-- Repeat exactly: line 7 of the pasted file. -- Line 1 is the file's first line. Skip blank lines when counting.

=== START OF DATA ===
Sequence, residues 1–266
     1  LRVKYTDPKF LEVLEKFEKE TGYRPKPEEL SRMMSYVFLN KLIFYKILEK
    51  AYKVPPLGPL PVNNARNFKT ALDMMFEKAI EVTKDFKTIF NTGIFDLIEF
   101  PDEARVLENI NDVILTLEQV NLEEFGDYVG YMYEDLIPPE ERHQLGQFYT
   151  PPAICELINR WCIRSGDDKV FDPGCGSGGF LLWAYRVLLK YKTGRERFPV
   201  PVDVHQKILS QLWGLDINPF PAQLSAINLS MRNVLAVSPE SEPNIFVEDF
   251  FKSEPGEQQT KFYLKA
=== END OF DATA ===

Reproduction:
   251  FKSEPGEQQT KFYLKA